If you are one of the many Long Island homeowners who purchased your primary residence with 80/20 mortgages, or if you took out a second mortgage in the past few years, did you know that you may be able to remove the second mortgage lien from your home in a Chapter 13 Bankruptcy?
Chapter 13 Bankruptcy offers an important, and often unknown and over-looked, option to consumers who have second and/or, perhaps third, residential real estate mortgage liens on their primary residences – namely, that of removing those junior liens from your home.
Here is the concept. If the current fair market value of your home (as determined by an appraisal prepared by a licensed real estate appraiser) is below the present outstanding balance on your first mortgage (including arrears, if applicable), the second mortgage lien can be “stripped”, and the debt associated with it can be reclassified as a unsecured debt (such as credit card debt, etc). This is also referred to as a “Cramdown” or “Lien Stripping.”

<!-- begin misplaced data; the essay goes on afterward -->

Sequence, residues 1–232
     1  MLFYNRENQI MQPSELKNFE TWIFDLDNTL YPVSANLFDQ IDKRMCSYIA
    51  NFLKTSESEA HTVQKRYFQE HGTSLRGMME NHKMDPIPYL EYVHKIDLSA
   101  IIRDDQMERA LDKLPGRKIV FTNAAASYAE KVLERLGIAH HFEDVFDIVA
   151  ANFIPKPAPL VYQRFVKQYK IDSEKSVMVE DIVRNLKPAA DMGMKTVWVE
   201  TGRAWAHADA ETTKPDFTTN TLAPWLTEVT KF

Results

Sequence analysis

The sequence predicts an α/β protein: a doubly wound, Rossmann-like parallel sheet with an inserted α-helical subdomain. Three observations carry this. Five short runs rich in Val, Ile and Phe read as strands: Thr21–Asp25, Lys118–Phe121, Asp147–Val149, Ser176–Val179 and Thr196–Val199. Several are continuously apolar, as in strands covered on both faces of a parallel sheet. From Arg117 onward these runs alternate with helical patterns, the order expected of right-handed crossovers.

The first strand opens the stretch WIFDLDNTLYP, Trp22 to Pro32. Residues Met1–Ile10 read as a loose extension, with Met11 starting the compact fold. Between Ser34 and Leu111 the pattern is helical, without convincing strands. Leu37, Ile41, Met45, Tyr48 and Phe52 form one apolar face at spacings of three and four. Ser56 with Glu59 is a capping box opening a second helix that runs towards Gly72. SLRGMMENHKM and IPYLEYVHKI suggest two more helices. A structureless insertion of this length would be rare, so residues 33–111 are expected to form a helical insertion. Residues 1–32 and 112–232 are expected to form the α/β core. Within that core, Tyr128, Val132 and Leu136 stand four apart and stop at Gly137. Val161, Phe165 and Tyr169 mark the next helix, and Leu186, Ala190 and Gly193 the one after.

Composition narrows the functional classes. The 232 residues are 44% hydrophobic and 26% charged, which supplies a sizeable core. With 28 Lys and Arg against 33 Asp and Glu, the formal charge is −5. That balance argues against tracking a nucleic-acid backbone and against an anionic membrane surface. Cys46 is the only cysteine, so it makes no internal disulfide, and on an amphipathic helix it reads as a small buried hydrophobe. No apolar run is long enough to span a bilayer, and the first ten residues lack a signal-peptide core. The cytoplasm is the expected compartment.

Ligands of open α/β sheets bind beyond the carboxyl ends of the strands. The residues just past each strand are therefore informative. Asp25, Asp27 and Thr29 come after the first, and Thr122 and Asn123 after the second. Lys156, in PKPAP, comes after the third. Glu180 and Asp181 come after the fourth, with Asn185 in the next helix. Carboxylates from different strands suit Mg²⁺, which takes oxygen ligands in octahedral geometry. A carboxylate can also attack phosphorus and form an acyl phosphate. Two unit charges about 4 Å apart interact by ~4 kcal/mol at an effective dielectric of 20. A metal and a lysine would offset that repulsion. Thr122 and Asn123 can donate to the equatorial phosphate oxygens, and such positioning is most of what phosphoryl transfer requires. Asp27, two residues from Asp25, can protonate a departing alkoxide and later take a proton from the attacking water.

The stripping/cramdown provisions in the Bankruptcy Code affecting second mortgage liens have been available to Long Island New York homeowners in Chapter 13 bankruptcy since 1994. This should not be confused with the bill proposed in early 2009 in Congress which sought to allow Bankruptcy Judges to modify mortgage liens (which was not passed). That bill sought to expand the provisions that have been applicable to second mortgages to first mortgages. Even if you have already modified your first mortgage directly with your lender, or are in a trial modification on your first mortgage, this relief may be available to you.
In most Chapter 13 Bankruptcy cases, only a small portion of this type of debt is paid over a 3 to 5 year period. Immediately upon the successful completion of your Chapter 13 payment plan, the second (junior) mortgage lien shall be permanently removed from your property by Order of the Bankruptcy Court. Please be aware, though, that in order to qualify for this benefit, you must meet the usual and customary qualifications for Chapter 13 bankruptcy.